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Why you need spare contact lenses and glasses

Woman holding her eyeglasses and looking off to the horizon.

No matter whether you’re lying on the sofa at home or hiking through the rainforest in Costa Rica, it’s not always easy to foresee trouble you might encounter. That’s why it's always good to have a backup pair of eyeglasses or contact lenses on hand. 

Here are a few scenarios in which backup glasses can come in handy:


Perhaps you broke your glasses by jumping on the sofa. Or maybe you fell on them during a game of tennis.

Since accidents can and will happen, it makes sense to buy a spare pair of glasses. That way, if something does go wrong, you can wear your extra glasses while you wait for a replacement pair.

Everyday activities

In some instances, backup glasses might not just be for emergencies. Instead, they might supplement your current eyewear.

The Eye Care Institute of Louisville, Kentucky, offers these examples:

  • A pair of reading glasses might be ideal for a wearer of multifocal lenses who is doing up-close work like crafting model aeroplanes or assembling a scrapbook.

  • A pair of computer glasses for the workplace could be more comfortable than your everyday glasses.

  • A pair of tough sports glasses might be a good substitute for your regular glasses when you’re participating in sports like football, basketball and tennis.


You’re heading to Aberdeen for a ski trip or you’re jetting off to France for a romantic getaway.

Aside from packing the standard clothes and toiletries, be sure to bring along backup glasses or contact lenses.

According to Passport Health, a provider of medical services for travellers, it’s always wise to have a backup (vision) plan when you’re away from home.

If you run into problems with your contact lenses — maybe you’ve contracted an eye infection or you left your contacts back in your bathroom at home — a backup pair of glasses can be a sight for sore eyes.

Likewise, taking along extra daily disposable contact lenses can help if, say, you wind up ripping any of your contacts.

As for glasses wearers, you never know when your spectacles might fall off and break — you could be on a river cruise, a winery tour or some other adventure. Having a backup pair can prevent your vacation from being ruined.

UnitedHealthcare Global, a provider of travel insurance, recommends that travellers take two pairs of glasses on trips: one to wear or store in a protective case in a carry-on bag and a second pair held in a protective case in a checked bag.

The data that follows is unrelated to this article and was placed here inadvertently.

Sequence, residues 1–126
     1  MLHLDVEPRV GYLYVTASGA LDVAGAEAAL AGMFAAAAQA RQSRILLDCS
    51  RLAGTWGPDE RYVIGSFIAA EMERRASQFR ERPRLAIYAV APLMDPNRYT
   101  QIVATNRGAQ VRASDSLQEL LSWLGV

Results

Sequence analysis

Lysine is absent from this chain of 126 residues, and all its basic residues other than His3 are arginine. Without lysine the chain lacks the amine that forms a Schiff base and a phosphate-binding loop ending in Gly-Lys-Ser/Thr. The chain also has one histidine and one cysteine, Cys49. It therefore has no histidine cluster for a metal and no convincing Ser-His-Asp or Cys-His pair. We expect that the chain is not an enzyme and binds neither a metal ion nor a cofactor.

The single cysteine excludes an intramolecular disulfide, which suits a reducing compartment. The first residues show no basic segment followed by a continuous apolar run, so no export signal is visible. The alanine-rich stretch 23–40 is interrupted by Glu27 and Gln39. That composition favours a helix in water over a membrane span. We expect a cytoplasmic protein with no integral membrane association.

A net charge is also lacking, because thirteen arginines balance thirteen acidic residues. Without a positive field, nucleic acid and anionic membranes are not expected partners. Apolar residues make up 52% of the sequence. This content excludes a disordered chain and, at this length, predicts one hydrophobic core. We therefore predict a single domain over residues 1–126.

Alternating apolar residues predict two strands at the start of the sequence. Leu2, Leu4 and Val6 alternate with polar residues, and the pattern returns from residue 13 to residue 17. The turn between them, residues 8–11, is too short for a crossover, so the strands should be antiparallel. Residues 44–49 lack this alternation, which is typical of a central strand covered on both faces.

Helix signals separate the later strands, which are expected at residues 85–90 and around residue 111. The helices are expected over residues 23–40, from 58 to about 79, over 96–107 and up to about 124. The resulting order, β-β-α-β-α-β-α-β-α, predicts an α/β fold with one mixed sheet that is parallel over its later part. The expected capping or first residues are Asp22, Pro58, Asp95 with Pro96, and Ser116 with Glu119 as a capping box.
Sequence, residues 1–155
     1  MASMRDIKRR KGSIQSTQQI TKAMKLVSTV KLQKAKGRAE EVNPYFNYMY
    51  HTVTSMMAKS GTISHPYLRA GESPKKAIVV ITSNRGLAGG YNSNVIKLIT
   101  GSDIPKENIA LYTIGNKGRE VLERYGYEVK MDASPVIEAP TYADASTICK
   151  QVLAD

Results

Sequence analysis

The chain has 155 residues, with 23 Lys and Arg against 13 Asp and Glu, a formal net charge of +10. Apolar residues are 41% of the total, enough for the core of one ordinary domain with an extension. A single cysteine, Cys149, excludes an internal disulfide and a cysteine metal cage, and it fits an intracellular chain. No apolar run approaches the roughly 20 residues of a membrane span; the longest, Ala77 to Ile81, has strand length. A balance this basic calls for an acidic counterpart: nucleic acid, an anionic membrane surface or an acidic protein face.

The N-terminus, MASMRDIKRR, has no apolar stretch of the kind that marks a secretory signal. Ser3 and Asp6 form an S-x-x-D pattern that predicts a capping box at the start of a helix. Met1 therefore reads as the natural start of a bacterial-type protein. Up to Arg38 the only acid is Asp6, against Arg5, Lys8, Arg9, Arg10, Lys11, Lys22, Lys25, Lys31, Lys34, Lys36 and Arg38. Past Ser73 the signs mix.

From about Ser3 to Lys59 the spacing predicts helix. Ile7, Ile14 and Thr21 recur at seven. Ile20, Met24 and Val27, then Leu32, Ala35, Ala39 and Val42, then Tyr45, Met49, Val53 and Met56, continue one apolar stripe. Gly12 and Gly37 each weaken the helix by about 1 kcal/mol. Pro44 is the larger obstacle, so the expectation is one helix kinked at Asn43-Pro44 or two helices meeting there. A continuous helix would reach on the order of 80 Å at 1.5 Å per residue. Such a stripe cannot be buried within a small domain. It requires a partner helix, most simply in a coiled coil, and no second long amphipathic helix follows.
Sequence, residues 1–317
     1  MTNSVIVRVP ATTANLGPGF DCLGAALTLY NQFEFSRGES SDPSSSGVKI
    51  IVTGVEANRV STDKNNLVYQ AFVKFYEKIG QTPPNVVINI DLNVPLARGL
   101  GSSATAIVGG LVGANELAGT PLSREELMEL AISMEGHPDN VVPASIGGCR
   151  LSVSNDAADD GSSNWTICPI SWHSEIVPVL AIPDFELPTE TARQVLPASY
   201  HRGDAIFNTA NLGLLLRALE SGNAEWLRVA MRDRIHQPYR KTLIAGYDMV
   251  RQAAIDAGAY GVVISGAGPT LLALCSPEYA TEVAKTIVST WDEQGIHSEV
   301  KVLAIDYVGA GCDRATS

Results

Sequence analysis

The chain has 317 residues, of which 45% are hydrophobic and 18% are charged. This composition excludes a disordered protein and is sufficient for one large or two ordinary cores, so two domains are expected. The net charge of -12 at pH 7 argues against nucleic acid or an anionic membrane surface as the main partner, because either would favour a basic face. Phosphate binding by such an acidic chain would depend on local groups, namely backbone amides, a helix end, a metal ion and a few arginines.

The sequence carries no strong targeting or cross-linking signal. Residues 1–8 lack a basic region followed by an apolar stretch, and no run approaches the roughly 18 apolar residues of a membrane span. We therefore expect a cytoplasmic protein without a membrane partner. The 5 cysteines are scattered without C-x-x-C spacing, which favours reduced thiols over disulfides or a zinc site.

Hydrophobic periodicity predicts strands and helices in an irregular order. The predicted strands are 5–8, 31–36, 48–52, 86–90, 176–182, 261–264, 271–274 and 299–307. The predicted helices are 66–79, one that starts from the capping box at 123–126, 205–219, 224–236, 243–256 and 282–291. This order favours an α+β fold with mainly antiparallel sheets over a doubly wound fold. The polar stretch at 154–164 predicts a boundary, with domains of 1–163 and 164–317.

If you plan to be away from home for an extended period, particularly if you’ll be overseas, tuck a copy of your eyeglasses prescription and/or contact lens prescription into a carry-on bag. 

Passport Health points out that the numbers found on a prescription are universally recognized, so you’ll be able to order new glasses or contacts if something happens to the ones you brought.

Unexpected circumstances

Maybe you’re heading out on the town with your pals and end up staying out until 4 in the morning. Or perhaps you take an unplanned dip in your friend’s swimming pool. 

If it's possible you'll need to remove your contacts in a similar situation, carrying backup contacts and/or glasses is probably in your best interest.

Vision problems

Contact lenses provide freedom from glasses for nearsighted and farsighted people, but they can also be a pain if something is irritating your eyes.

If you're not sure how long you can wear your contacts, follow the RSVP rule from the University of Iowa Hospitals & Clinics and take them out if you experience:

  • Redness in one or both eyes.

  • Secretions like mucus from one or both eyes.

  • Vision changes, such as mild to moderate blurring.

  • Pain, including soreness and discomfort.

If you’re suffering any of these symptoms, remove your contact lenses immediately and make an appointment for an eye exam

As you wait to find out what’s wrong with your eyes, don’t wear contacts. Instead, rely on your backup glasses.

In some cases, allergies may be the cause of your watery, itchy or red eyes. In this scenario, refrain from wearing contacts and put on your backup glasses. It might just be a matter of allowing some time — and the allergies — to pass before you return to contact lenses.

If this is a routine bout with allergies, then you might be able to get by with over-the-counter medication and eye drops to relieve your symptoms. 

But, if you’re uncertain about whether the culprit is allergies, be sure to see your optician.

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